Browsing: Camp Leatherneck

“Going out to pick a fight:” Marines from 1/9 remember one of their own

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During my short visit to Helmand Province, Afghanistan earlier this month, I was struck by the way honoring and remembering fallen brothers becomes an integral part of everyday life for Marines. One of the first stories I heard from a Marine on the C-17 ride over from Kabul to Camp Leatherneck was about a white board hanging in a company office with a simple inscription: “Going out to pick a fight.” It was a favorite catch-phrase of Sgt. Daniel Vasselian, a Marine with Bravo company, 1st Battalion, 9th Marines, a unit that is now returning home after a deployment providing…

There are fewer than 300 Marines left in Afghanistan’s once most violent district

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By Hope Hodge Seck FOB Sabit Qadam—The Sangin district of Helmand province once was known as one of the most combat-intensive regions in Afghanistan. The gains made in the area—pushing the insurgents back and making the region more secure for civilians—proved costly in Marine lives, particularly during 2010 and 2011. Three years later, while the Taliban do still maintain a presence here, it’s now the Afghan National Security Forces who patrol and engage with the enemy, as is the case throughout Helmand province. The Marines still remaining here, a contingent of fewer than 300 from Charlie Company, 1st Battalion, 7th…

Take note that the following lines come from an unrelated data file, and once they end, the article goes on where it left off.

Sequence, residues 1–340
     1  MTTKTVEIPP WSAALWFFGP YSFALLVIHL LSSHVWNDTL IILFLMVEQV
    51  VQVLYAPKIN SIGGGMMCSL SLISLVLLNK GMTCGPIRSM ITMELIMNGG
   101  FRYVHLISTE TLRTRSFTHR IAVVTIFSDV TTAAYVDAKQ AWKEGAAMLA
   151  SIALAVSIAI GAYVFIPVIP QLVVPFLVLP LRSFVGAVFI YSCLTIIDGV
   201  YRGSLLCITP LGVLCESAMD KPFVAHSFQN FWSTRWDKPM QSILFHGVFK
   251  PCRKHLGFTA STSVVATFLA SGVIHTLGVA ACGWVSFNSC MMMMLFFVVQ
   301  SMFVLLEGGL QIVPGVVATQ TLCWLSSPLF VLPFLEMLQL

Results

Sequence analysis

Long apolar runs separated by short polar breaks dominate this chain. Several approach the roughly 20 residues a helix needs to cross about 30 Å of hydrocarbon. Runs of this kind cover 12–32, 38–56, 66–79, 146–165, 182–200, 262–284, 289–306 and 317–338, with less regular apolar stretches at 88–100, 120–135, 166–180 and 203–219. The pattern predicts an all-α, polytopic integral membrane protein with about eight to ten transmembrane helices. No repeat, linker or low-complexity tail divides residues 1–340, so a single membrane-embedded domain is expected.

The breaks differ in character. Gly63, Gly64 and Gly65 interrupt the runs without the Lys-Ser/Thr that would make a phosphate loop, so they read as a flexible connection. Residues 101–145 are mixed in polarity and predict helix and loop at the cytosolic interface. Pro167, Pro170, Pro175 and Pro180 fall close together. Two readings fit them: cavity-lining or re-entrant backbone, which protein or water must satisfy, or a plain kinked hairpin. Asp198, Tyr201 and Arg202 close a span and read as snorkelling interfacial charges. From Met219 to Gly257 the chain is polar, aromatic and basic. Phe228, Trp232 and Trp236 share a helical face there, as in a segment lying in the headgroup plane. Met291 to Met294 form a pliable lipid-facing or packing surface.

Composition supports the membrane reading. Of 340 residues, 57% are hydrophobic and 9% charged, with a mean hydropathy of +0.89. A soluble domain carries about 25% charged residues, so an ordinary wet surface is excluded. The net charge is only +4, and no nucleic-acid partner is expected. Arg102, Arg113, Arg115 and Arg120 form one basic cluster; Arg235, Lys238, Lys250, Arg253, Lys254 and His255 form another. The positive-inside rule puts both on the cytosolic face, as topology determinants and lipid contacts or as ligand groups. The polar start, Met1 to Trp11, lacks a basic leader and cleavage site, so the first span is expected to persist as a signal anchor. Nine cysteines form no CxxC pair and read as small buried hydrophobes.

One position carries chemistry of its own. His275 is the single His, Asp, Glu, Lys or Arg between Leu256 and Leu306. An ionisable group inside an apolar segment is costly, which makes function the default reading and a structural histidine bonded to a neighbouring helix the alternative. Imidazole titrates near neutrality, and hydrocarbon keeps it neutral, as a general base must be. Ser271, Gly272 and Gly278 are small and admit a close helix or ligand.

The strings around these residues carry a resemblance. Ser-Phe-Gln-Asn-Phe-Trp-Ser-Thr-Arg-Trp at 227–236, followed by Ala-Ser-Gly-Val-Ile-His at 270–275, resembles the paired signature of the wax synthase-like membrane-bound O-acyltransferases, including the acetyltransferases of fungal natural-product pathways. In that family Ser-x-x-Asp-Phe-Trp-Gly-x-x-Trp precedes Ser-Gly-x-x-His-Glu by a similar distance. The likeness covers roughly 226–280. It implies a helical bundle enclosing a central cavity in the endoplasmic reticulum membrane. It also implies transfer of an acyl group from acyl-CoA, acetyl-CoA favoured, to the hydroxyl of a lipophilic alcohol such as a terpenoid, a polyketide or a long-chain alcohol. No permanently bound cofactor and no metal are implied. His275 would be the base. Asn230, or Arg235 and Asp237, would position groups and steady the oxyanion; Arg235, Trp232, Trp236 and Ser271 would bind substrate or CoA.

Camp Leatherneck is Afghanistan’s next ghost town

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By Hope Hodge Seck Camp Leatherneck–Greetings from Camp Leatherneck, a once-bustling base in Afghanistan’s Helmand province that is rapidly becoming a ghost town. Leatherneck is home to most of the 4,500 Marines remaining in Afghanistan, down from some 20,000 at the peak of fighting here. While the base still has a sprawling footprint, whole sections are emptying as units and elements complete their mission and go home. Meanwhile, Leatherneck is still home to an array of coalition troops, including Jordanian, Georgian, Estonian, and Danish forces, as well as some 2,500 British troops stationed at Camp Bastion, which borders Leatherneck. On…

Colonel takes over Marine Corps air operations in Afghanistan

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A new commander is taking charge of Marine air operations in Afghanistan. Col. Scott Jensen took command of 2nd Marine Aircraft Wing (FWD) from Brig. Gen Gary Thomas, Dec. 9 during a ceremony aboard Camp Leatherneck in Helmand Province, Afghanistan. Jensen, who was the unit’s assistant wing commander, will run operations through February when 3rd MAW will take over in preparation for the final withdrawal of U.S. forces next year. As operations are curtailed and Afghan forces assume more responsibility for local security, Marine units like 3rd MAW are adapting their command structures. “Over the past several months, significant gains…

GQ magazine profiles attack on Camp Bastion, Marines who repelled it

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The deadly attack last year on Camp Bastion, Afghanistan, has received widespread coverage, especially by Marine Corps Times. But it isn’t every day that a Marine operation makes the pages of a gentlemen’s magazine. The newest GQ magazine profiles the Sept. 14, 2012, battle, sharing a number of details that square with previously published reports. It was written by Matthieu Aikins, whom I crossed paths with last October while embedded with Marines in Helmand province. Aikins’ story is written colorfully, and includes one troubling new allegation that had not previously been reported: But a troubling question still lingers: How could…